The last week of my pathway was GP week. I was quite lucky with my GP placement as it was only a 15 minute walk from my house. Many people I know have horrible train journeys and bus journeys as they have been scattered around the county. We go in ones and twos to a GP's for a week where we should in theory have at least three of our own clinics where we get to see patients. I have signed up to a pilot scheme where I stay at this GP surgery for the next two years, so I'm doubly glad it's not difficult to get to! I figured if I got to know the GP better they would let me do more things as they would trust me more. It also means I am supposed to have a few patients I follow over the two years to experience what it is like to live with a chronic disease over time.
I turned up to the first day of my placement to find I would be observing the Doctor for the morning clinic, but apart from that the rest of the week I had my own clinics. 7 clinics, full of patients, all booked to see me. Mind blown. :) I even get my own little ( and I mean tiny) room that says Doctor on the door. It's a tiny little practice, run by one Doctor, with one other GP that job shares. The lead GP's wife is the Practice Nurse, and then there's one other nurse and a phlebotomist. It's in an inner city, rough/poor-ish suburb mainly full of students and pubs and so quite a different population to the idyllic country practice I was in last year.
And boy did I notice the change in patients. It seemed like every one of them was there to be treated for depression. I saw students, new mothers, Russian housewives, alcoholics, heroin addicts... all for depression. There were a few ear infections and an eight year old with "tummy ache" that was actually bullying at school, but mostly I saw mental health issues. It was so draining. I feel completely out of my depth dealing with mental health patients. I just don't know the questions to ask. It's not that I don't think depression is an illness, because I do. And it's not that I can't empathise, because if I'm honest I think I have depressive tendencies myself that I try and bury behind a smile or some loud happy music. It's more that I don't know how to approach it. I can do a basic SOCRATES, family history, social history, drugs and medications, ideas, concerns and expectations history for diseases or injuries, but it just doesn't seem to fit for mental health issues. Plus I can't help feeling that whilst I am privileged to hear your story, hardships and innermost feelings, you should be telling this to your actual Doctor, building that relationship and trust as this is a long term issue you need to work on together. Mental health is my last block, which may explain why I feel so uncomfortable dealing with it as I haven't had the training yet. I definitely puts me off being a GP though. I like to be able to fix you and send you away happy quickly, and you can't really do that with mental health issues.
I get given half an hour with my patients to take a history and then send a message to the GP's computer to come in and hear my presentation, impression and management plan. I tended to run ahead of time though, so often he gave me some of his emergency patients to see to fill in. One in particular I was a little wary of, as a massive violent patient notification came up on the screen. As I mentioned, my room was very tiny and I had not yet found the panic button in it. I'm only a small thing and I was at the end of the corridor not backing onto anything if I were to yell for help. I put on a brave smile and called him from the waiting room. It turned out he had been in a fight at the weekend when some youths had set on him and his girlfriend. He'd knocked one of them out and they'd hit him, but the police had only been interested in the damage he did them and hadn't taken any photos of the injuries he sustained. He wanted them checking out and photographing and had been let out of house arrest with an electronic tag especially to come and see me. When I pushed the button to tell the GP I was ready, he sent back an 'acknowledged, 2 mins' reply, meaning his consultation wasn't finished yet. The patient had gotten himself a little worked up re-telling the story and I wasn't too happy the GP wasn't coming immediately. I managed to distract him by talking about hobbies from his past and it turns out he used to be a keen gymnast so we were discussing him possibly taking up coaching to give him something productive to do since he couldn't find a job. The GP burst into the room suggesting the patient might like to wait in the waiting room until he was ready to see us both, presumably assuming the patient had become violent and I wasn't safe, which was lovely of him, and reassuring for any future similar scenarios. I said we were fine and we continued chatting. I was so proud of myself. It was a situation I didn't want to take on, with a challenging patient and it gave me so much confidence to talk to different types of people and handling myself in difficult situations.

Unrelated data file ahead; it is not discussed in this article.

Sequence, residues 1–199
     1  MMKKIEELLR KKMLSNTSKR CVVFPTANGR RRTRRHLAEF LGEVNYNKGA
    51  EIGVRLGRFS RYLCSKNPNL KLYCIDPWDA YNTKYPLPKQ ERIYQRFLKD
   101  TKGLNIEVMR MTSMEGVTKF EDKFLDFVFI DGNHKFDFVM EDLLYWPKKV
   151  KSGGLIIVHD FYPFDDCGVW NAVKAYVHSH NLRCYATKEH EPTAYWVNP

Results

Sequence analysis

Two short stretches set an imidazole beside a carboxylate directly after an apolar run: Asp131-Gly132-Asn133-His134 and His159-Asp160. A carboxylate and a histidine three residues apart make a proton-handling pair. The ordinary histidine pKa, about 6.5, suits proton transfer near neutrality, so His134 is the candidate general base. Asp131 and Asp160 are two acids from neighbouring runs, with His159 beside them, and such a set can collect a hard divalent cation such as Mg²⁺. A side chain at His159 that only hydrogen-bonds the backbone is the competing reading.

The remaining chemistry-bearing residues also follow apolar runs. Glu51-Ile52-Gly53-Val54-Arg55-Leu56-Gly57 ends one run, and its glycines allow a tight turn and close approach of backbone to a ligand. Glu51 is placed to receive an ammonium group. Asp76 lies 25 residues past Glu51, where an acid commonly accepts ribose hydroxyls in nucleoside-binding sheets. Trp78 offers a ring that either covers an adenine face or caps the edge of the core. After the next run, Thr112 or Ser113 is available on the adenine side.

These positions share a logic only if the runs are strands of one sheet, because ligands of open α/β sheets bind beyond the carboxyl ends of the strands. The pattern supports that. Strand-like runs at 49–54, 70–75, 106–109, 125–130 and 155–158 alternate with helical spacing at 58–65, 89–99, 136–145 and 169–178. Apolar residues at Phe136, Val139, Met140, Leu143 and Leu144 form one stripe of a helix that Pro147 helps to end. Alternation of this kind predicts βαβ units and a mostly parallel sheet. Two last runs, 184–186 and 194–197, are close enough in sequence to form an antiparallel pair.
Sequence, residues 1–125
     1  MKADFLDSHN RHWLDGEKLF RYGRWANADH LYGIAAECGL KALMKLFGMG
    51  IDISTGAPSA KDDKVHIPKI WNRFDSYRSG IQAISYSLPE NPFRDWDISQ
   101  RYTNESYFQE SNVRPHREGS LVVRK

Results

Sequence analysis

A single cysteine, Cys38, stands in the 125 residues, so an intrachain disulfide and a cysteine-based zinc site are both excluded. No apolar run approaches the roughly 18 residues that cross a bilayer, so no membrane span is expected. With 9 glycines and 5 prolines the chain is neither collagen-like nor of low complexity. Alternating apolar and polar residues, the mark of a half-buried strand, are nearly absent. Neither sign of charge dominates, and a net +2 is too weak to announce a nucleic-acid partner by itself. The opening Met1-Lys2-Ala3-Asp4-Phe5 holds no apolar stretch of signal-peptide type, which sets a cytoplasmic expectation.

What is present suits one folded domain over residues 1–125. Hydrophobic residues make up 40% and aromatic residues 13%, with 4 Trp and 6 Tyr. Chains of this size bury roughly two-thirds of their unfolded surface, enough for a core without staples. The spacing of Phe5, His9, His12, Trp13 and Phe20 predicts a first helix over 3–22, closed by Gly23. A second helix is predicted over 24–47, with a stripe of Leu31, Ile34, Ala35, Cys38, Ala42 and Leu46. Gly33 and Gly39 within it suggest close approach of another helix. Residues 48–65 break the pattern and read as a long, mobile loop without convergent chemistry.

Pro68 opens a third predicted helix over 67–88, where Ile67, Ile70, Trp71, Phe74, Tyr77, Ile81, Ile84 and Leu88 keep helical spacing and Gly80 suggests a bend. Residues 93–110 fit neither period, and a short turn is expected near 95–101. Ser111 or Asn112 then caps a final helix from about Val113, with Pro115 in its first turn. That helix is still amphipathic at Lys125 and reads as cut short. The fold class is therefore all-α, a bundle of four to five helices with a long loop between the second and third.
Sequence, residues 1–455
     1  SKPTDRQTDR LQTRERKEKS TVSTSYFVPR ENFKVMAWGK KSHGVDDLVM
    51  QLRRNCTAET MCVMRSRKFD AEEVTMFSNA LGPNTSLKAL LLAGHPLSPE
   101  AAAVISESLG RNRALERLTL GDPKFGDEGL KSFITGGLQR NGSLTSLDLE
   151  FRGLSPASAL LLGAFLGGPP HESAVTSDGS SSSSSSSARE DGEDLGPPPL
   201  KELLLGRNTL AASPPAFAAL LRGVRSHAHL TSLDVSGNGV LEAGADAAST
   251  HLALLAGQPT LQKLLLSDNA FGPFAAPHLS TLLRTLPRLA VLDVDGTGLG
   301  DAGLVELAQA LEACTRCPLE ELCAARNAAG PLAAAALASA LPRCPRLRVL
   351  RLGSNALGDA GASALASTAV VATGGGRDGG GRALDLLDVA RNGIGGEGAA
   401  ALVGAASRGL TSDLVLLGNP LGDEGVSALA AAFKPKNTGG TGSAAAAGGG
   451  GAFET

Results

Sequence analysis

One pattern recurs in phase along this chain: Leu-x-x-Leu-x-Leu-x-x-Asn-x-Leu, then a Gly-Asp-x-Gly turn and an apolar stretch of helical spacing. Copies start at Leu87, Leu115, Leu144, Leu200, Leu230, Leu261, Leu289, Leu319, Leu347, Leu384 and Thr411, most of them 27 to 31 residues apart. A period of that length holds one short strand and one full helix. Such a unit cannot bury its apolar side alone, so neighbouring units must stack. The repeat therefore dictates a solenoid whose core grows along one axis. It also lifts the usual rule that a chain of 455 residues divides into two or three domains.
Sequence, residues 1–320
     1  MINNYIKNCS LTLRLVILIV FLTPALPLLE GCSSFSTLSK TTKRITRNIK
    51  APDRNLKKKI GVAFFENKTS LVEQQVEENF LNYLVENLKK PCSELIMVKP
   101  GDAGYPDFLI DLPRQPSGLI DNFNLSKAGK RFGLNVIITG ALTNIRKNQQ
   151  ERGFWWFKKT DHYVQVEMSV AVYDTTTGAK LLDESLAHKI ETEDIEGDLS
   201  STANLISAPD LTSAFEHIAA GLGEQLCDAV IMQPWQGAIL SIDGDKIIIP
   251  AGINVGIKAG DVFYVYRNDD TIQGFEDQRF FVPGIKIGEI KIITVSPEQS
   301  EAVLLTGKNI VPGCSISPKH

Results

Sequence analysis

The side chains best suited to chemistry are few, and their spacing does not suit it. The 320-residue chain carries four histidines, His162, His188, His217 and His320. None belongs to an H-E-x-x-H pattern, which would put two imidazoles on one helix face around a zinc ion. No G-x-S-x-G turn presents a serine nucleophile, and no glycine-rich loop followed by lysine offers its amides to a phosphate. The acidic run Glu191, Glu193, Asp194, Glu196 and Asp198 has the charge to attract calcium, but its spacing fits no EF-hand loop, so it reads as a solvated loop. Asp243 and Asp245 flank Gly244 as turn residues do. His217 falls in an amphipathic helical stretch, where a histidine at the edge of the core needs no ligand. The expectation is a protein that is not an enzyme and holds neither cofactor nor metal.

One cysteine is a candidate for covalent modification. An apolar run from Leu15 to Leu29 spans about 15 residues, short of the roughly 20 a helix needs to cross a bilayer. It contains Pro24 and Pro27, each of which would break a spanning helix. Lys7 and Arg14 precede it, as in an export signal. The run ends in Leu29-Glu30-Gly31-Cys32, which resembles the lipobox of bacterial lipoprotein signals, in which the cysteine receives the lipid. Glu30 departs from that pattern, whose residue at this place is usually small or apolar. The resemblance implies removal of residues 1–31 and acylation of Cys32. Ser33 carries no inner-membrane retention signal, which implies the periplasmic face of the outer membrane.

I did enjoy my week as a GP though, which is just as well as I have many more weeks there to come. It is a nice practice, with friendly staff and a nice way of working. I got a lot from it, even though one of those things was a firm decision that I definitely don't want to be a GP.